Where is Kyra is a quiet film – a very quiet one. Director Andrew Dosunmu, whose Mother of George (2013) got great reviews (somehow, I missed it) and the great cinematographer Bradford Young have crafted a dark movie – literally – painting with shadows. The shots last a long time in the movie – often just concentrating on Kyra as one disappointment after another befalls her. They often hold the shots an uncomfortably long period of time – trapping us alongside Kyra as she becomes desperate. In the most difficult scene to watch, she returns to her ex-husband – and his new, pregnant wife – asking for money she knows he doesn’t have either. The shot concentrates on Pfeiffer’s face minute after minute as she makes this uncomfortable request, and doesn’t let anyone off the hook.
The film may in fact be a little too slow for its own good – and a little to repetitious, as we have to watch Kyra in one situation after another, but many are the same. Part of this is the strategy of the movie, of course – but it’s still a little too drawn out, a little too much a parade of misery. There are few things in the movie I had trouble believing (she would need to go to a bank teller anymore to cash a cheque for example).
Yet even with that flaw, Pfeiffer is able to keep the movie interesting and engrossing throughout. She has always been a great actress – although I fear sometimes she wasn’t given credit for that because she is so stunningly beautiful. Here, doing a small indie for one of the first times in her career, she more than proves that she has a lot left to give – and can do so in a completely new gear if she wants to.

Tuesday, July 17, 2018

Movie Review: Skyscraper

Skyscraper ** ½ / *****
Directed by: Rawson Marshall Thurber.
Written by: Rawson Marshall Thurber.
Starring: Dwayne Johnson (Will Sawyer), Neve Campbell (Sarah Sawyer), Pablo Schreiber (Ben), Noah Taylor (Mr. Pierce), McKenna Roberts (Georgia), Noah Cottrell (Henry), Kevin Rankin (Ray), Roland Møller (Kores Botha), Byron Mann (Inspector Wu), Hannah Quinlivan (Xia), Tzi Ma (Fire Chief Sheng), Chin Han (Zhao Ming Zhi), Adrian Holmes (Ajani Okeke), Elfina Luk (Sergeant Han).
I’m starting to think that we’re really not doing right by Dwayne Johnson. He is one of the biggest action stars in the world right now, but the vehicles he gets are very much like Skyscraper – generic and forgettable, fun while they last, and then forgotten on the drive home. Just a few months there was Rampage – which had a giant gorilla fight a giant crocodile AND a giant wolf, and we’ve already forgotten that one. We’ll forget Skyscraper even quicker. It’s not that the movies are bad – it’s just that they’re good enough – or ridiculous enough – to be truly memorable.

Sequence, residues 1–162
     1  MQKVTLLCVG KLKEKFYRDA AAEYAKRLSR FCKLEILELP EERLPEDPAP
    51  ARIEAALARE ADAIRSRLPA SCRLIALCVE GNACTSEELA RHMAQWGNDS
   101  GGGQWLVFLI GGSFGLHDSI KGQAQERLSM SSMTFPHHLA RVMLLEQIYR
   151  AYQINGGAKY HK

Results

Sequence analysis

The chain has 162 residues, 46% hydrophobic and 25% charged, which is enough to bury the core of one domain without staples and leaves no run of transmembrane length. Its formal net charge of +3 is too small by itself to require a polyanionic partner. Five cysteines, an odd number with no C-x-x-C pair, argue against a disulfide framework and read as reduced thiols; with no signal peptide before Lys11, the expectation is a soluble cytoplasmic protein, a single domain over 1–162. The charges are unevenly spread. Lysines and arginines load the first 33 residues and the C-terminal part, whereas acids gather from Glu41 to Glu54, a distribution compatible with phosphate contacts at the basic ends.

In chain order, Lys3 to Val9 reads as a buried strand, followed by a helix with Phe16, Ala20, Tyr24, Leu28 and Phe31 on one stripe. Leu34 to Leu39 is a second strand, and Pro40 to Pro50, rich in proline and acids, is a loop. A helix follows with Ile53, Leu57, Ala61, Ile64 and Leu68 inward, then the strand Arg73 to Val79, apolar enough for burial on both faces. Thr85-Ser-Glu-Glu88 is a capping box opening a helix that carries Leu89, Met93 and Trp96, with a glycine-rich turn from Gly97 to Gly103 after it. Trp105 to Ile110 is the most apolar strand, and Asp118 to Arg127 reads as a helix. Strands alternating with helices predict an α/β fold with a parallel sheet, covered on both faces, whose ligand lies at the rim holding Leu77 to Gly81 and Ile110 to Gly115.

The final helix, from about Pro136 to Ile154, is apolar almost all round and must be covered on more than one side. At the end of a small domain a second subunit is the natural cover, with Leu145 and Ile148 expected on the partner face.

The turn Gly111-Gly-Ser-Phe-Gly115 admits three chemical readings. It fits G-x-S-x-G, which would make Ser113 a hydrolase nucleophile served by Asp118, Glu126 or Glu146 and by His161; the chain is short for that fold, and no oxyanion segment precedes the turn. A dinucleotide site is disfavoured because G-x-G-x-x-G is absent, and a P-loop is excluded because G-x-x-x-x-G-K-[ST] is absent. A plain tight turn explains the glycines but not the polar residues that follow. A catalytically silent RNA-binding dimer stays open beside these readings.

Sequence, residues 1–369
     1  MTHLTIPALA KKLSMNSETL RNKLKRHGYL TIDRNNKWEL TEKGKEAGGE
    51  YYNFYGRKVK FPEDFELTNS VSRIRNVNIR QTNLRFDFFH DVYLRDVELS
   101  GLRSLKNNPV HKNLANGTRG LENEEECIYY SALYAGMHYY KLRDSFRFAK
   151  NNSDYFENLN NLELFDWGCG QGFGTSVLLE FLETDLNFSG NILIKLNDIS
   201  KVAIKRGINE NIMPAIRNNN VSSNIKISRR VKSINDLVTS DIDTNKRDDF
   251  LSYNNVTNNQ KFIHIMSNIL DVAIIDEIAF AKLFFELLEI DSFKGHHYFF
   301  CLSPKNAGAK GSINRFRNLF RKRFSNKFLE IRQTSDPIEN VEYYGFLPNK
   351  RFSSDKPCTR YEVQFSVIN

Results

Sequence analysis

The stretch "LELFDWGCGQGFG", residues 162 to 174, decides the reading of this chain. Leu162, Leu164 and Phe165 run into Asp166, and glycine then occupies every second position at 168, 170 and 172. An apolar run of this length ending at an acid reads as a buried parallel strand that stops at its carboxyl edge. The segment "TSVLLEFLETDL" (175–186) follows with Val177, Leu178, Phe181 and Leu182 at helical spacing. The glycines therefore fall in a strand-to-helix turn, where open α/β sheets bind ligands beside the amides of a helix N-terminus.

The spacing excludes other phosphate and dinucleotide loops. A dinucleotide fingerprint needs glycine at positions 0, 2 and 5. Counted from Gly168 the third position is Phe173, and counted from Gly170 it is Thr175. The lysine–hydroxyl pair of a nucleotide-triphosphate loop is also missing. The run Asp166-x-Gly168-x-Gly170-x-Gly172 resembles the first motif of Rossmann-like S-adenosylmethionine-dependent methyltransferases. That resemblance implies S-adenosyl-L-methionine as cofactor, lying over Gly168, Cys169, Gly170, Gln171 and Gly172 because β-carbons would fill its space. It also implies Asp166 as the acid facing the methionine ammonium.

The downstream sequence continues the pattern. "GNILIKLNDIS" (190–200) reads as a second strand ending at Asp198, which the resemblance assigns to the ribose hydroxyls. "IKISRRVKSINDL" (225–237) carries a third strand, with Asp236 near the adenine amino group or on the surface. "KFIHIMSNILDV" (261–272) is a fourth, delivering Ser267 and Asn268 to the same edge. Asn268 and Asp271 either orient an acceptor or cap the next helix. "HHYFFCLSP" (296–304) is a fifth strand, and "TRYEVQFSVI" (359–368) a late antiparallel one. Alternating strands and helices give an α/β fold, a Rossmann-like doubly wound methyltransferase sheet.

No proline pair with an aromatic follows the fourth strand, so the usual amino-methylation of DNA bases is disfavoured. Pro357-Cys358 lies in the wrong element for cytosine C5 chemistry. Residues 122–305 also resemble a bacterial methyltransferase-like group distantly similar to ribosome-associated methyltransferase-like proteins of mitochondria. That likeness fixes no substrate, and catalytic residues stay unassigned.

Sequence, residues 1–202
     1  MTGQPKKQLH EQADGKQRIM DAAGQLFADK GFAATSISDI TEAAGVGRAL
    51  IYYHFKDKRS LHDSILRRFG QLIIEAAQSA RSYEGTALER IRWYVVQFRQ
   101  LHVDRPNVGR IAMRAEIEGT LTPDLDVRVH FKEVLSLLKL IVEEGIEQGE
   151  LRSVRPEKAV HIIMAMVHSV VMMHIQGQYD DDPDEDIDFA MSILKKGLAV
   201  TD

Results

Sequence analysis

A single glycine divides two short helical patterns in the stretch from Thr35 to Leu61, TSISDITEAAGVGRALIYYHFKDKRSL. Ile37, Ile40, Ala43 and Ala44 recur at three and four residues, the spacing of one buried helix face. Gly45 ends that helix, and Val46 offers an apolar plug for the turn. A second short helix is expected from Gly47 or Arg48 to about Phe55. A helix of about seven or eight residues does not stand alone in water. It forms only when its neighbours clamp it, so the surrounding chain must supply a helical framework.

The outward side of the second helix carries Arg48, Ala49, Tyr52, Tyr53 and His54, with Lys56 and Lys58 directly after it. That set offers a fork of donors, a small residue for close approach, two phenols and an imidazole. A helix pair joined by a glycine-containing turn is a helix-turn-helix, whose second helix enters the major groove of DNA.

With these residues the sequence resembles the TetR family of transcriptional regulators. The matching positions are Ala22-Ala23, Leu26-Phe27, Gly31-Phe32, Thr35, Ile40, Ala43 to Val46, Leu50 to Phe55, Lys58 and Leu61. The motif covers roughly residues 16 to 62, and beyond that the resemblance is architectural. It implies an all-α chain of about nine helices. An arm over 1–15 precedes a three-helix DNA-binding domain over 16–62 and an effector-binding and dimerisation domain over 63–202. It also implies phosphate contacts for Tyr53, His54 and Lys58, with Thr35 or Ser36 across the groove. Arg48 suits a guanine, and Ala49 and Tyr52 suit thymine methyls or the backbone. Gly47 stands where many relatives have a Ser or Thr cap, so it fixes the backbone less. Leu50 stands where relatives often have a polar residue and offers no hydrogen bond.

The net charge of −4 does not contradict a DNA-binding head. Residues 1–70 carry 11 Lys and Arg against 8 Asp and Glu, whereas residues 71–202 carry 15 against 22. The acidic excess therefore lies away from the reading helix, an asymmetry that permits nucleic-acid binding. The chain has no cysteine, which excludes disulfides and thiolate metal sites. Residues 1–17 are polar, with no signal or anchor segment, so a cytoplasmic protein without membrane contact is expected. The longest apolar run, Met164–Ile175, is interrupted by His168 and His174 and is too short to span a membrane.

The story of Skyscraper involves Johnson’s Will Sawyer, a former FBI agent, missing one leg below the knee (we see how he lost the leg in the opening scene, in order to give the character a traumatic backstory, but also to provide some action before 30 minutes of exposition). Now, he runs his own private security firm, and he’s been hired to verify the security of the new tallest building in the world – The Pearl, located in Hong Kong, which as Sawyer calls it is essentially a vertical city. He needs to give his okay before the insurance policy can be finalized (pretty sure that would be taken care of before they spent years and billions of dollars building the thing, but I digress). There is a silly McGuffin of course – a tablet – that terrorists eventually steal from Sawyer that allows them to control the security system of the building – which they promptly set on fire in an effort to get something from the billionaire owner of The Pearl Zhao Long Ji (Chin Han). Sawyer doesn’t much care about that – he cares that his wife, Sarah (Neve Campbell) and his twins – George (McKenna Roberts) and Henry (Noah Cottrell) are trapped inside the burning building – which he now has to get into and save the day.
The movie is basically The Towering Inferno meets Die Hard, except not quite as good as either (although mercilessly, the film is about an hour shorter than the hugely long Towering Inferno). Johnson is basically doing what he does in every film – play a normal everyman – except with hulking muscles. As always, he is charming and funny and relatable – the stuff that all great action movie heroes do, he does it just as well. The best parts of the movie are, of course, the action set pieces as Johnson has to do ridiculous things to get inside the building (climb a hundred story crane for instance) and then smash through, or dangle out of various windows. The terrorists – led by Kores Botha (Roland Moller) are merciless – never hesitating to shoot dozens of people, unless of course it’s Johnson’s family, in which case they never quite get around to it.
Skyscraper is a huge, expensive B-movie – the type of thing designed to make money, but also be rather forgettable. It’s obviously targeting the large Chinese market in addition to the American one – the Hong Kong setting, the various Chinese stars in significant roles, are the signs that the movie is about synergy and cross promotion as much as anything else. That doesn’t mean it cannot also be good – but when the film is kind of as dull as Skyscraper is – at least when not involved in the action scenes – it stands out.
I did appreciate one other thing about the film – other than Johnson, who can make this sort of thing passable entertainment – or at least watchable – and that’s that they don’t make Never Campbell’s Sarah a damsel in distress, constantly waiting for her man to save her. She doesn’t get to kick quite as much ass as Johnson does – but she holds her own, and is smart and resourceful as well. It’s a small, but noticeable thing.
Overall though Skyscraper is more forgettable than anything else. I keep thinking that Johnson will find the right project – or perhaps the right director – that will make better use of him. He needs to find the James Cameron to his Arnold Schwarzenegger – because if he doesn’t, we’ll keep getting disposable and forgettable films like this.

Monday, July 16, 2018

Movie Review: Sorry to Bother You